SALT LAKE CITY — Braving rain and unseasonably cool temperatures, more than 200 protesters marched through downtown Salt Lake City Thursday as part of a national movement against economic inequality and the business practices of Wall Street.
OccupySLC began its march at the Utah Capitol and made its way through the city's financial district to Pioneer Park.
Standing under an umbrella at the steps of the Capitol with her husband Evan, Beverly Terry said she was frustrated with the influence corporations have exerted over the country's economy and the negative impact she believes that influence has had on jobs.
"We just need some justice and democracy in this country," she explained. "Corporations are taking over. Votes are being bought. Almost every job is turning into a corporate grab. Everything is just greed."
The 66-year old mother of three adult children said the economy has put her kids' livelihoods in peril, leaving two of them with no health insurance, one unemployed for two years and all with little hope for a prosperous future. She blamed her family's situation on the culture of increasing indifference about the plight of the common man by leaders in Washington, D.C.
"I'd like to see President Obama take charge and try to get Congress to move on jobs (legislation) and start acting like there are more people in this country than the wealthy," Terry said.
Protest organizer Skylar Hawk says they group plans to camp in Pioneer Park indefinitely and organize more demonstrations throughout downtown in the weeks to come. He said they hope to highlight the need to change political and financial systems that favor big business over individuals.
Salt Lake police spokesman Dennis McGowan said the protesters were orderly. Organizers said the group plans to stage only nonviolent demonstrations and maintain a peaceful occupation of the park.
Occupy Wall Street protests began Sept. 17 with demonstrators pitching tents outside the New York Stock Exchange. Similar events have spread across the country, including an "occupation" planned for St. George in the near future.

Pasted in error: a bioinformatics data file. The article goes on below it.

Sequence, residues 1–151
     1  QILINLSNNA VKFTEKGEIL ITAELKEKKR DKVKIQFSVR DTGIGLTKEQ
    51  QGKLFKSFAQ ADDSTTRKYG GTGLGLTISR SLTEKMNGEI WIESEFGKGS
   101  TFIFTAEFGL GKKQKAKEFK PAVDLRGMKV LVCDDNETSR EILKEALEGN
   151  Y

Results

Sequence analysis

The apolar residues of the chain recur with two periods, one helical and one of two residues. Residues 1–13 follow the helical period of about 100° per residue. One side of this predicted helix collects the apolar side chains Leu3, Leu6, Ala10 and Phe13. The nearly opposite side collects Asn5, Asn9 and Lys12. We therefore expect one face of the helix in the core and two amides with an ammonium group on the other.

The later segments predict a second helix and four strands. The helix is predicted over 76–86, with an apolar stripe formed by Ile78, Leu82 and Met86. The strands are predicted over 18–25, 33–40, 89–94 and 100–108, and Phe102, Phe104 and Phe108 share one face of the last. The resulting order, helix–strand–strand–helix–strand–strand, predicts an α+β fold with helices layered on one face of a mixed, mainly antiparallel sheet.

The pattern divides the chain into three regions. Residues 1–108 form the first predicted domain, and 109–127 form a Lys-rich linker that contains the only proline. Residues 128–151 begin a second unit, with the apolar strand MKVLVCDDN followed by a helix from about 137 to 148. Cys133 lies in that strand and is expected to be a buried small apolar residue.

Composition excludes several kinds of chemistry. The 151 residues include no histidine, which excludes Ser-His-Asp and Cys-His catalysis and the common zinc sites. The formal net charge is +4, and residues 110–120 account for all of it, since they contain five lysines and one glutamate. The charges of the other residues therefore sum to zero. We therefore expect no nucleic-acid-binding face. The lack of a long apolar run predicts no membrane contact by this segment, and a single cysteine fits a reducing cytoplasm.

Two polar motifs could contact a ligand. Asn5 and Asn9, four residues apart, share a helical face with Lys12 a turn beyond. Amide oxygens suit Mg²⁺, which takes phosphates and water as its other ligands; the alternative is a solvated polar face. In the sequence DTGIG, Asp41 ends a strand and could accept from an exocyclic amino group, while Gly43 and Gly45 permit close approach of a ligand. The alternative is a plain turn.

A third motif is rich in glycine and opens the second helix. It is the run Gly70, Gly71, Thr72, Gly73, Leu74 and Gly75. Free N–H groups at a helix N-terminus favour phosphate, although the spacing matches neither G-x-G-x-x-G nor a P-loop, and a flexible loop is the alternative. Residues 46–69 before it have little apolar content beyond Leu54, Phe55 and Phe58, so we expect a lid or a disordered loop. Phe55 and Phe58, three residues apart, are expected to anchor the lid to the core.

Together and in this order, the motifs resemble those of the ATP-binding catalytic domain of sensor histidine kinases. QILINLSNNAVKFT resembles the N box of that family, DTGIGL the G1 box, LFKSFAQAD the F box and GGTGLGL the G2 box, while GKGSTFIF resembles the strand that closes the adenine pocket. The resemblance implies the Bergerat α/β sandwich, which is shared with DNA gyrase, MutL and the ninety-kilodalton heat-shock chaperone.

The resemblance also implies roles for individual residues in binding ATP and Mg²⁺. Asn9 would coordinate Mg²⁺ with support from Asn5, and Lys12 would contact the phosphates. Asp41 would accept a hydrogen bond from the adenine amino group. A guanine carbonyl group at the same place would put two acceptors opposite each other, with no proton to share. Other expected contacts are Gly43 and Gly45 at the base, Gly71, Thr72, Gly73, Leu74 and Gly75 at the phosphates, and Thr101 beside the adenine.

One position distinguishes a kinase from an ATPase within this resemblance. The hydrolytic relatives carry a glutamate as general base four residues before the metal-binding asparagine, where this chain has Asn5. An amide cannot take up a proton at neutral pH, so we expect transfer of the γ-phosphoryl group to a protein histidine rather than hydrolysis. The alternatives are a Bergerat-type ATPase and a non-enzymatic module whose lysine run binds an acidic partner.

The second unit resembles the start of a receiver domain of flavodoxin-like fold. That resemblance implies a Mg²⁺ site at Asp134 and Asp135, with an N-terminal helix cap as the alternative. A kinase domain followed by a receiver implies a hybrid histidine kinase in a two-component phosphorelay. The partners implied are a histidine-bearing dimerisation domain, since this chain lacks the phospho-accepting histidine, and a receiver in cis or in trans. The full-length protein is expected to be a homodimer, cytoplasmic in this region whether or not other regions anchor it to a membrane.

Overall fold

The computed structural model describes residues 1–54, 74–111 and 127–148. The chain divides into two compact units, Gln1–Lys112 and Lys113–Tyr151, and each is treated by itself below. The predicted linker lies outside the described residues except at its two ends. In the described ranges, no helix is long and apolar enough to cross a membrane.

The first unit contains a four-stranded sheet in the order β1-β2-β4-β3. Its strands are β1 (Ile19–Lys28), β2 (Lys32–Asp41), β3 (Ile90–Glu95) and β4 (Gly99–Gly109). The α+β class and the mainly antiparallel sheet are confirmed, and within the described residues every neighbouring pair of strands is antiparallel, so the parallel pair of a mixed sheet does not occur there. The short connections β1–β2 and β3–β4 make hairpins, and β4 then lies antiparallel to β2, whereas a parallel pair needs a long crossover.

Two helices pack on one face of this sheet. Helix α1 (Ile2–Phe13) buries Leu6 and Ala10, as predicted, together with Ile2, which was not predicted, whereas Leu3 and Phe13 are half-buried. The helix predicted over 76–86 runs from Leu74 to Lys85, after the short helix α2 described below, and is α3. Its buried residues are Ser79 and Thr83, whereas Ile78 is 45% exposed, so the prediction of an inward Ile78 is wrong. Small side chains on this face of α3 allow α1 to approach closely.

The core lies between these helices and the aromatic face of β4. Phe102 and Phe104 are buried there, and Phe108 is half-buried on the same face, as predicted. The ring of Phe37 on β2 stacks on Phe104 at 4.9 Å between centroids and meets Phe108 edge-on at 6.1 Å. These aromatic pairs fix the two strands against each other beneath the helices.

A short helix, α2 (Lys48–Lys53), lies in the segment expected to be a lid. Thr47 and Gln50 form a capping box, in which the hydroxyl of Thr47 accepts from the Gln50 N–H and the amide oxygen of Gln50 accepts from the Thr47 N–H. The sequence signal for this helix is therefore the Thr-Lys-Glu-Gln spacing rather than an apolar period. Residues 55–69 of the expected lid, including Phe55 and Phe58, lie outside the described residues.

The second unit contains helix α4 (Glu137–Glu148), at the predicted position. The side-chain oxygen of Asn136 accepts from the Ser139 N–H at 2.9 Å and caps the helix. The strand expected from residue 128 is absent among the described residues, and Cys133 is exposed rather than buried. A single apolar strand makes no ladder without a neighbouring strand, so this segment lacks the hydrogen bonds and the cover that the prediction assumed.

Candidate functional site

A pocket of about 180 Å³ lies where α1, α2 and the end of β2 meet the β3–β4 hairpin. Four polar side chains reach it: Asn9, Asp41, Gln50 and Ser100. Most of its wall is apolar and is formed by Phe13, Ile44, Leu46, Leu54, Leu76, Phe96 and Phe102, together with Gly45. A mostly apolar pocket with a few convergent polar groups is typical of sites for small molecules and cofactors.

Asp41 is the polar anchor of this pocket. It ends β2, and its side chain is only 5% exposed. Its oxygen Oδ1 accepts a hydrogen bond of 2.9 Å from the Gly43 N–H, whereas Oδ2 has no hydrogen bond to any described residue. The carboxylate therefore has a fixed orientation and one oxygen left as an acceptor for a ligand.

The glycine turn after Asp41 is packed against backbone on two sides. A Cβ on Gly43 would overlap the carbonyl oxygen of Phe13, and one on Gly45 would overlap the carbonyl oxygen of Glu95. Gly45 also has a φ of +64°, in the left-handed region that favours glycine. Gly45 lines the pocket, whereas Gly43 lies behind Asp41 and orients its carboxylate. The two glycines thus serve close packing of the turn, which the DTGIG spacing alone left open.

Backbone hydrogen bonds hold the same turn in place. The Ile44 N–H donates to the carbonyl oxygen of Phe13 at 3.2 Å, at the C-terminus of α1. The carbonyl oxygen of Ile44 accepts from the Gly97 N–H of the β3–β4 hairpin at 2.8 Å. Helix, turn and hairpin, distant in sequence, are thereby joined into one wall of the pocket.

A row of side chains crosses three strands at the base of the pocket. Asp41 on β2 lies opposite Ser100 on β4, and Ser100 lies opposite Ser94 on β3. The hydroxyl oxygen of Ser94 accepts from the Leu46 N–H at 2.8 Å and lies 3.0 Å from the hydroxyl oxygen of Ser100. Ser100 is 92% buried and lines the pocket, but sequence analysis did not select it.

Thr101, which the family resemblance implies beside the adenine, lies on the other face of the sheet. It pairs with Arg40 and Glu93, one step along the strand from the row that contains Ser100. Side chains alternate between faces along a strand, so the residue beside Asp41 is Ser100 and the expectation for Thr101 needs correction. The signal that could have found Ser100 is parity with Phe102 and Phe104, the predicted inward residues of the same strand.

Meanwhile, the Salt Lake occupation included scores of people carrying signs and even a few wearing masks. Jamel Jarvis was one of several participants who wore masks similar to those worn in the movie "V for Vendetta."
In the film, a charismatic freedom fighter is driven to exact revenge on those who wronged him. He is pursued by a detective leading a quest to capture him before a revolution is ignited.
Jarvis said the reason for his mask was to symbolize his participation in the revolutionary occupation movement.
He said he would like to see the nation move away from the current central banking system that he believes has created much of the economic difficulty that exists today and also revise the way political campaigns are financed.
"I'm not sure why we allow these large campaign contributions from corporations," he said. "It seems very clear that is bribery and illegal."
He also noted the recent Supreme Court decision that ruled that corporations should be considered the same as individuals.
"They have the same rights but none of the liability," he said. "You cannot throw a corporation in prison like you can an individual (if they do something illegal)."
If more people can become aware of the facts of how these issues affect everyday citizens, then the "country can turn around," Jarvis said.
Salt Lake area school teacher Peter Hayes said too many laws and policies work to the detriment of the working class and to the advantage of big business.
Wearing a sign that read, "Wall Street greed equals unemployment," he said corporations are designed to create more profit for shareholders and bigger bonuses for executives.
"Wall Street is responsible for this (recession) because they perpetuate a system of greed and taking money and profit at any cost, including the outsourcing of jobs to other countries," Hayes said. "They have systematically unemployed Americans … caused them to become bankrupt (and the CEOs) walked away with millions of dollars."
He said the national banking system and Wall Street should be tightly regulated to prevent executives from using the system to their advantage at the expense of the average citizen.
"It's ridiculous to take my retirement money (in 401(k) contributions) and send it into the pocket of some 'fat cat' who is making billions of dollars in a year," Hayes said. "That is wrong!"
"We need to reform the way people get elected, change the way Wall Street operates for profit and bring money back to the pockets of people here in America," he said.
Meanwhile, the Utah Bankers Association issued a statement in response to the OccupySLC demonstration, saying it is important to make a distinction between Utah’s banks and Wall Street investment firms.
“It is critical for the health of our economy that people recognize the critical role our local banks play in creating jobs and sustaining our local economy," said UBA President Howard Headlee. "What many people hear during these protests is predominantly inaccurate."
"In fact, when protesters use the word bank they are most likely not even referring to a real, FDIC insured bank," he added. "(Federal Deposit Insurance Corporation) insured banks did not get us into this mess. But they will play a critical role in getting us out of it.”